Microarray-based Clariom™ assays from Applied Biosystems™ are a potential option for gene expression profiling studies when looking for a scalable technology to integrate into drug screening pipelines.
But there are pitfalls to microarray-based technologies, such as pre-selection of probe targets, relatively high cost per sample, a narrower quantitative range of expression level changes, and poorer detection of differentially expressed genes between conditions compared to RNA-seq-based methods (Rao et al., 2019).
In contrast to microarray technologies, the dramatic decrease in the cost of next-generation sequencing (NGS) and the increased throughput now enabled by new 3’ bulk mRNA-seq sample barcoding approaches permit unbiased insight into all transcripts with a wider dynamic range of expression at a lower cost (Alpern et al., 2019; Rao et al., 2019).
Here, we compare the Clariom™ GO Screen to an ultra-scalable 3’ bulk mRNA-seq method called MERCURIUS™ DRUG-seq from Alithea Genomics, which is an attractive alternative to accelerate the development of new drug compounds with robust, scalable transcriptomic insights.
The Clariom™ GO Screen: Pre-selected targets versus unbiased gene expression profiling
Like the Clariom™ S assay, the Clariom™ GO Screen provides gene expression information for around 20,000 human genes, and each array includes probes derived from the Human Gene Ontology gene collection to ensure coverage of literature-associated “biomarker” genes, immunology markers, and inflammation markers (Thermo Fisher Scientific, 2023).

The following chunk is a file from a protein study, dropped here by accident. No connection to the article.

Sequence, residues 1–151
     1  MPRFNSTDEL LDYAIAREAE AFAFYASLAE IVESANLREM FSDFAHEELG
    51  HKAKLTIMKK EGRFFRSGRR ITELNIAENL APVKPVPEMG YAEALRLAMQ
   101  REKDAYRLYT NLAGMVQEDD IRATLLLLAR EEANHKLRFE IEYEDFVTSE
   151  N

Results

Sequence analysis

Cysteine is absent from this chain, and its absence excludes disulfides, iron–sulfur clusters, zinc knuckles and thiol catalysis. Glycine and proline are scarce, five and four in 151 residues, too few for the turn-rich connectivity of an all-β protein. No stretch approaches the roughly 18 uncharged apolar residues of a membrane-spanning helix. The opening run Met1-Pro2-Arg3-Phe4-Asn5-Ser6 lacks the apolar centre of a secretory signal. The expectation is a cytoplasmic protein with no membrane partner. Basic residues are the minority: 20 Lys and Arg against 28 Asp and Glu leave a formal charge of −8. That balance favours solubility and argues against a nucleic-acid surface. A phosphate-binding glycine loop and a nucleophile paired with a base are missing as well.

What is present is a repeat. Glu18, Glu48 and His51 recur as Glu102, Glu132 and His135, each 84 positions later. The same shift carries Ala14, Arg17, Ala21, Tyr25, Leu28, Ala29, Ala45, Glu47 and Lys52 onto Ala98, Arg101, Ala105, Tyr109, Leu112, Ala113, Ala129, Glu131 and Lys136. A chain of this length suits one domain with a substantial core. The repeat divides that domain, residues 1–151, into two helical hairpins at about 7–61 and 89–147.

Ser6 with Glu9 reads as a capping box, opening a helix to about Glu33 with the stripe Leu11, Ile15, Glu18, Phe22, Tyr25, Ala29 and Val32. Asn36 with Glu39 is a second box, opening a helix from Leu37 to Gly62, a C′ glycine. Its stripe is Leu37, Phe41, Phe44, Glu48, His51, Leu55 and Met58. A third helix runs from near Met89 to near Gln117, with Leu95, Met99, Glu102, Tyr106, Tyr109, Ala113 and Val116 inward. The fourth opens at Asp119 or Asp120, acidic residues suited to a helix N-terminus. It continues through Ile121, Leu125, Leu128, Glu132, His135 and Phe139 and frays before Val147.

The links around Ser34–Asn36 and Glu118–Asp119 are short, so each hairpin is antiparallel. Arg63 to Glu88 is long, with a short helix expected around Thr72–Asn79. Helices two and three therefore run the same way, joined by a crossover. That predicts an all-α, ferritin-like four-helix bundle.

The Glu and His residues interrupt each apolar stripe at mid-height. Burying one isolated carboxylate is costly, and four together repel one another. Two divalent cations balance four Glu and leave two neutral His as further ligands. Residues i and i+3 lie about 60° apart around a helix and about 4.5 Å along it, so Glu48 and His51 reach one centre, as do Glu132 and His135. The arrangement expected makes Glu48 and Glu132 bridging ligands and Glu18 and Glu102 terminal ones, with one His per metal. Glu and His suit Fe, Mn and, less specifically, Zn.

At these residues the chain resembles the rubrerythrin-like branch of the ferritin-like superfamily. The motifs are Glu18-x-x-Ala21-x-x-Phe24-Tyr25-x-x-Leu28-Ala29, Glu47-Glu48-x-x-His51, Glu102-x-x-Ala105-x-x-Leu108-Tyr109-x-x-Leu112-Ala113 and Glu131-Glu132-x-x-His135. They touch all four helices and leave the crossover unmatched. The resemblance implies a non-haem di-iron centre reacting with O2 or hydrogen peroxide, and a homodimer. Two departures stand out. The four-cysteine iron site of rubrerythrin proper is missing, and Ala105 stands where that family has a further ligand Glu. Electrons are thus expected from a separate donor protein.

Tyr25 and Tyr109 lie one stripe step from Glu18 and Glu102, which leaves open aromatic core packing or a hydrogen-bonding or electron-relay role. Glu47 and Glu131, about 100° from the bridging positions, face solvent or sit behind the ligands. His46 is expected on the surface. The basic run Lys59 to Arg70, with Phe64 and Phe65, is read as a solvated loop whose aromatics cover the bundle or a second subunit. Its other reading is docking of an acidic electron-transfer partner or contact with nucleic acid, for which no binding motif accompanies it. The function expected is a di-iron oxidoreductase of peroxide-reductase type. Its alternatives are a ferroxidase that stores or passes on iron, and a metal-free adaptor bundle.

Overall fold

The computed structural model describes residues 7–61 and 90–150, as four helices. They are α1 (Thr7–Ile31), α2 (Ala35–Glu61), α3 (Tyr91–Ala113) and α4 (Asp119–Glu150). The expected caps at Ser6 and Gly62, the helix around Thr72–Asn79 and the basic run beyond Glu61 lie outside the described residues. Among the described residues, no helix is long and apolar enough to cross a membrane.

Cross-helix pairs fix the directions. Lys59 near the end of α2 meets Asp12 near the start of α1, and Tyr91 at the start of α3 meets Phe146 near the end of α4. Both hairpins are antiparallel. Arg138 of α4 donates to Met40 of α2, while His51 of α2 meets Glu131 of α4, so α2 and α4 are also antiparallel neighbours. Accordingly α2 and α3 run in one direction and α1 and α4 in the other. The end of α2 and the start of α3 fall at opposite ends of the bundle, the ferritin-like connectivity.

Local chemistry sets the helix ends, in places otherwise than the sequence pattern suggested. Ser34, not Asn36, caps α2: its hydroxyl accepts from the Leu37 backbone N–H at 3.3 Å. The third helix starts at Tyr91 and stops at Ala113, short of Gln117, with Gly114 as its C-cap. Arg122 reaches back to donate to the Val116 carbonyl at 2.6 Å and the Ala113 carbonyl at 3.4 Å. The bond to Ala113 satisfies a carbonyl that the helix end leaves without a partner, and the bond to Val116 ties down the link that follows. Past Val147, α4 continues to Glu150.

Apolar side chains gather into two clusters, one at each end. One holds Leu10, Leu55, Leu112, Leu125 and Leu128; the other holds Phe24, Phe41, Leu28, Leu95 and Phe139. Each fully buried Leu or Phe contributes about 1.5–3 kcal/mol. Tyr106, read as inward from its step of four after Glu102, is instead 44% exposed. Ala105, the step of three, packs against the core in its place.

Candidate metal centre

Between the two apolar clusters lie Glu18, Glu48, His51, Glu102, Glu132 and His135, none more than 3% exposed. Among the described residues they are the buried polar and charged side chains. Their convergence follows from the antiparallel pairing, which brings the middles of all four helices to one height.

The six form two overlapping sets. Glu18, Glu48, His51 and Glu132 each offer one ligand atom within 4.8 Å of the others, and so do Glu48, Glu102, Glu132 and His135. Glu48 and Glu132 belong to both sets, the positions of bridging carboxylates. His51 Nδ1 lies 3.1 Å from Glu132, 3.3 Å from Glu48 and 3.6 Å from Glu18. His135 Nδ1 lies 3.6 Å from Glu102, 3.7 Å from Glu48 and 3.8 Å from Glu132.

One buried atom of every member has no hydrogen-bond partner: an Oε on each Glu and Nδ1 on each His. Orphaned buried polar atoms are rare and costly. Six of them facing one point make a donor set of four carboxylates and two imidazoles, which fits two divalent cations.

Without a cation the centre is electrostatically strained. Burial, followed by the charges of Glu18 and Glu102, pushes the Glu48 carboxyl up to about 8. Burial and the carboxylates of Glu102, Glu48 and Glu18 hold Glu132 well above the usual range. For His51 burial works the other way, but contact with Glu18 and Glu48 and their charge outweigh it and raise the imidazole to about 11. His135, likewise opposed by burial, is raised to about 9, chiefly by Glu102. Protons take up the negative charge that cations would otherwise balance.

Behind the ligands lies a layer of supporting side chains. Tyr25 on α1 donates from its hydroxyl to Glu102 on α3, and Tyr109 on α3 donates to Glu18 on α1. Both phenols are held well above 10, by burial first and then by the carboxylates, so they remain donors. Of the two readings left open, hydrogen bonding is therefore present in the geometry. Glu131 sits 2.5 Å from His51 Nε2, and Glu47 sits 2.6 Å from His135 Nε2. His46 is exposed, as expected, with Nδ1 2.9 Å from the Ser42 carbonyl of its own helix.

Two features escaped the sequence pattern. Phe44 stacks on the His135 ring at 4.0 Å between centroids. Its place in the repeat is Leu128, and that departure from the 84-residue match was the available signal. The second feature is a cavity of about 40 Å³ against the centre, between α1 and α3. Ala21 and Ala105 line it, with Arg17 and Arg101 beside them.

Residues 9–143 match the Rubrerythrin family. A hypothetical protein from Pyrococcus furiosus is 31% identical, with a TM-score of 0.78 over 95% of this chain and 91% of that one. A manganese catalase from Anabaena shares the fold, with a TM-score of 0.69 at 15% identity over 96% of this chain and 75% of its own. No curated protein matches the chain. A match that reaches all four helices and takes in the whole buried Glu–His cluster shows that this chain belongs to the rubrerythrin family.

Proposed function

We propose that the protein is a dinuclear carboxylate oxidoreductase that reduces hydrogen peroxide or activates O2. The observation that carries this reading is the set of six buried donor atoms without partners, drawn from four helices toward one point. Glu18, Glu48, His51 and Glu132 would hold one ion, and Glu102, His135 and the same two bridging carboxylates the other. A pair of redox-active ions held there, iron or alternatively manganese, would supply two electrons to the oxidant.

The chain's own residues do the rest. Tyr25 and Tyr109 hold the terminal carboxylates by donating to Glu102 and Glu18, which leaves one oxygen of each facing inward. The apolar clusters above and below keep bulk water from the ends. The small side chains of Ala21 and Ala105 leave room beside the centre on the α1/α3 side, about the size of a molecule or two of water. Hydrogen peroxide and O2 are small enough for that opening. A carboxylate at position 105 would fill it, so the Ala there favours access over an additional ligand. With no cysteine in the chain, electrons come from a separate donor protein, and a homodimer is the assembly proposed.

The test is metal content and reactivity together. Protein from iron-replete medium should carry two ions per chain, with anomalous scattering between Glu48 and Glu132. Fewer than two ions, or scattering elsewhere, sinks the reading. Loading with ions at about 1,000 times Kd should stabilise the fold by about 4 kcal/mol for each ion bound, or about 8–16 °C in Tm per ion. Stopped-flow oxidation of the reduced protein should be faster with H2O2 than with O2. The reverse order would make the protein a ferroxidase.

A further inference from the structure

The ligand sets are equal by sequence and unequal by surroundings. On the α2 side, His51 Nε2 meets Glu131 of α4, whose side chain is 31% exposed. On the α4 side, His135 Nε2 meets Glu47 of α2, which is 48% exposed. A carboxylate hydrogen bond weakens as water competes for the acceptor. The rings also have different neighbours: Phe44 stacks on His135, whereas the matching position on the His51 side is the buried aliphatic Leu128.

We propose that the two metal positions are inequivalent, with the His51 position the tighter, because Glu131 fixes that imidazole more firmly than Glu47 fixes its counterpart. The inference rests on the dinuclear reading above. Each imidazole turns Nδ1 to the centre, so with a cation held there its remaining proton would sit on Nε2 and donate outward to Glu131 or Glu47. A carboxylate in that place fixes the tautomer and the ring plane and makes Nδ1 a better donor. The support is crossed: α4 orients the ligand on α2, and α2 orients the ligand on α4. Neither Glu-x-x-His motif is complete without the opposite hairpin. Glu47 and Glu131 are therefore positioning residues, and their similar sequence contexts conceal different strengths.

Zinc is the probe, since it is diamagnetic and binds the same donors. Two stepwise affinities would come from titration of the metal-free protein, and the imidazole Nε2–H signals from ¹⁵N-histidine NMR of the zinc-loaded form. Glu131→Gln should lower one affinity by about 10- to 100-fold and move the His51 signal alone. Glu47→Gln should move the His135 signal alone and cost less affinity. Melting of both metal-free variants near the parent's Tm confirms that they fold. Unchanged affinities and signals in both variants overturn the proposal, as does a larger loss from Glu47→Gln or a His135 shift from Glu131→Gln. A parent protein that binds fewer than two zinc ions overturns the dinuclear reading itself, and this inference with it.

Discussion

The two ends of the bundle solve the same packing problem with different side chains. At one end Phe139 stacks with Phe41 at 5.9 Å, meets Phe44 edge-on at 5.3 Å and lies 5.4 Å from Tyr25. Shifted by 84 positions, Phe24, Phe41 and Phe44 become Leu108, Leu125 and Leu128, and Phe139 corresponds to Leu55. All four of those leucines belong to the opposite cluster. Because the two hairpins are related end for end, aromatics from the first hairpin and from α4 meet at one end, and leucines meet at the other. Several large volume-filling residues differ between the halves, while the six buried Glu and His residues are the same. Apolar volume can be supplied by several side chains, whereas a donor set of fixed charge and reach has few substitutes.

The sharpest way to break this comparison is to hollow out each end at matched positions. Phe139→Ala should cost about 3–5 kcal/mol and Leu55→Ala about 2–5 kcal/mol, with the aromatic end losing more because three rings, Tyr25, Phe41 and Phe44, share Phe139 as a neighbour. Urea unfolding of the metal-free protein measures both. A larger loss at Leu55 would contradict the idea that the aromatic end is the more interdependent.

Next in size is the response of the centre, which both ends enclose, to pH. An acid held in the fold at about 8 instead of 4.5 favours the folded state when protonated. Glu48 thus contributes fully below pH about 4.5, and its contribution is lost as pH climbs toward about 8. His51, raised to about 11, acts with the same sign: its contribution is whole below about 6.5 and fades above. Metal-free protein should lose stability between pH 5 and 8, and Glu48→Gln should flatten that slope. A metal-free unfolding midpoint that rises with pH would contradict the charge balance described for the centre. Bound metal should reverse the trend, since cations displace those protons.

But this limit of 20,000 pre-selected genes represents a potential stumbling block when an unbiased transcriptome-wide view is required and could be especially important for detecting novel transcripts after drug treatment or in response to genomic perturbations.
One solution to this issue is MERCURIUS™ DRUG-seq.
Because the MERCURIUS™ library preparation technology does not rely on pre-selected targets, users have the flexibility to sequence samples to different depths depending on the core goals of a study.
For instance, if researchers want to examine the expression of genes on a global scale or focus on identifying highly expressed genes that may contain novel transcripts, they may opt to sequence samples to a shallow depth of one to five million reads. This read-depth allows users to detect approximately 18,000 genes while enabling robust differential expression analyses between different samples or experimental conditions.
On the other hand, if the aim of a study is to investigate genes of interest with low expression levels, deeper sequencing of MERCURIUS™ DRUG-seq libraries increases the likelihood of their detection with no restriction to known sequences.
This unbiased read-out is possible because MERCURIUS™ DRUG-seq adds sample barcodes and unique molecular identifiers (UMIs) to the 3’ poly-A tail of each mRNA molecule at the reverse transcription step early in the workflow. This facilitates the early pooling of samples into the same tube and allows for the demultiplexing of samples and adjustments for PCR amplification artifacts in the final data analysis to achieve robust and accurate expression levels.